“The IRA’s armed campaign, primarily in Northern Ireland but also in England and mainland Europe, caused the deaths of approximately 1,800 people. The dead included around 1,100 members of the British security forces, and about 630 civilians. The IRA itself lost 275-300 members, of an estimated 10,000 total over the thirty-year period.”
The entry states: “Éire Nua remains the policy of Republican Sinn Féin.” Who are they?
Republican Sinn Féin or RSF (Irish: Sinn Féin Poblachtach) is an unregistered minor political party operating in Ireland. It emerged in 1986 as a result of a split in Sinn Féin. The party views itself as representing “true” or “traditional” Irish republicanism, while in the mainstream media the party is portrayed as a political expression of “dissident republicanism”. Republican Sinn Féin refuses to reject the use of political violence (see physical force Irish republicanism) and has been linked to the Continuity Irish Republican Army (IRA).
Okay all you gun-controller wannabes out there: Are you getting a little uncomfortable with this?
And who are those two guys that benefitted from the political muscle of Cryan’s family?
“Ruairí Ó Brádaigh (born 2 October 1932) is an Irish republican. He is a former chief of staff of the Irish Republican Army (IRA), former president of Sinn Féin and former president of Republican Sinn Féin.”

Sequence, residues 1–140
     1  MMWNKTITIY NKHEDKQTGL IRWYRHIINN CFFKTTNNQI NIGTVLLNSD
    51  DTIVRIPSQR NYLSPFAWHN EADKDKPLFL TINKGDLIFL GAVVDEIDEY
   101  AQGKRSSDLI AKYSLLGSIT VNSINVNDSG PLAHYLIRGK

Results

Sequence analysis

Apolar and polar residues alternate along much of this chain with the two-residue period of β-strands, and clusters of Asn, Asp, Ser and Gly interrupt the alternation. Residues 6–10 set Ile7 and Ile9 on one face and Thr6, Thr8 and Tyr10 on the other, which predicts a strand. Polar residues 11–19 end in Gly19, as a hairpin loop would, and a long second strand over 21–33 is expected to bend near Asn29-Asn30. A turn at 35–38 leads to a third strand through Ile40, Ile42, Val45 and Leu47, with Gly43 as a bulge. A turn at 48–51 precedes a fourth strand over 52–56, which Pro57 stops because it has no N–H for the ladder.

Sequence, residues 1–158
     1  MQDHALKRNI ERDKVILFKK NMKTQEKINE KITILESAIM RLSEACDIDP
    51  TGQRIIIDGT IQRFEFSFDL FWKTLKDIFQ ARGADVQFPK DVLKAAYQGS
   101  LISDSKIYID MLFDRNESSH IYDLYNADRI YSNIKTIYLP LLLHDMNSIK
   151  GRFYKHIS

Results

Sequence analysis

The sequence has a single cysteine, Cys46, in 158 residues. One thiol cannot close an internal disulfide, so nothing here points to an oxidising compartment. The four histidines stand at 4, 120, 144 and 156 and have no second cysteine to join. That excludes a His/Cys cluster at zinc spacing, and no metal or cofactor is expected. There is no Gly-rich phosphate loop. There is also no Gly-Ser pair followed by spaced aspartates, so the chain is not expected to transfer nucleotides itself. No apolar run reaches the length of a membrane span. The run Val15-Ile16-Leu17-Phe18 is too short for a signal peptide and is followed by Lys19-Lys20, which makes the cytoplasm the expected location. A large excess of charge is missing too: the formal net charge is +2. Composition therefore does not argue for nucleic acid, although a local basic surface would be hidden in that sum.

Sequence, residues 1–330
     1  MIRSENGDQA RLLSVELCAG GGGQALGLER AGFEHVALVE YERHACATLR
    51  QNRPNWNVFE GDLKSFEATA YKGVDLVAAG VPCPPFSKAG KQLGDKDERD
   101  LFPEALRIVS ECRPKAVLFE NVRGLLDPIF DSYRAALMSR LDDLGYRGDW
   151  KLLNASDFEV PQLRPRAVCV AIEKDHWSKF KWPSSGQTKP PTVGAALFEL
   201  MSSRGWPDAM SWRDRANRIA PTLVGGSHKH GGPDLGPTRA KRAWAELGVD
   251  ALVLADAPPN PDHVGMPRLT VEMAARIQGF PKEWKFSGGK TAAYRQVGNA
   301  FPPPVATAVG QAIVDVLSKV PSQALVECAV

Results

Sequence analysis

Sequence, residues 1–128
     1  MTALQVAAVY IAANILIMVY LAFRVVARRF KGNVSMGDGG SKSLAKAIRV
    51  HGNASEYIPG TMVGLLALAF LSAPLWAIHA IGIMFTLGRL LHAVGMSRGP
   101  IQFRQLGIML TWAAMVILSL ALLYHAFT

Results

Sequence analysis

“On 13 August 1955, Ó Brádaigh led a ten-member IRA group in an arms raid on Hazebrouck Barracks, near Arborfield, Berkshire. It was a depot for the No 5 Radar Training Battalion of the Royal Electrical and Mechanical Engineers. It was the biggest IRA arms raid in Britain and netted 48,000 rounds of .303 ammunition, 38,000 9 mm rounds, 1,300 rounds for .380 weapons, and 1,300 .22 rounds. In addition, a selection of arms were seized, including 55 Sten guns, two Bren guns, two .303 rifles and one .38 pistol. Most if not all of the weapons were recovered in a relatively short period of time. A van, travelling too fast, was stopped by the police and IRA personnel were arrested. Careful police work led to weapons that had been transported in a second van and stored in London.”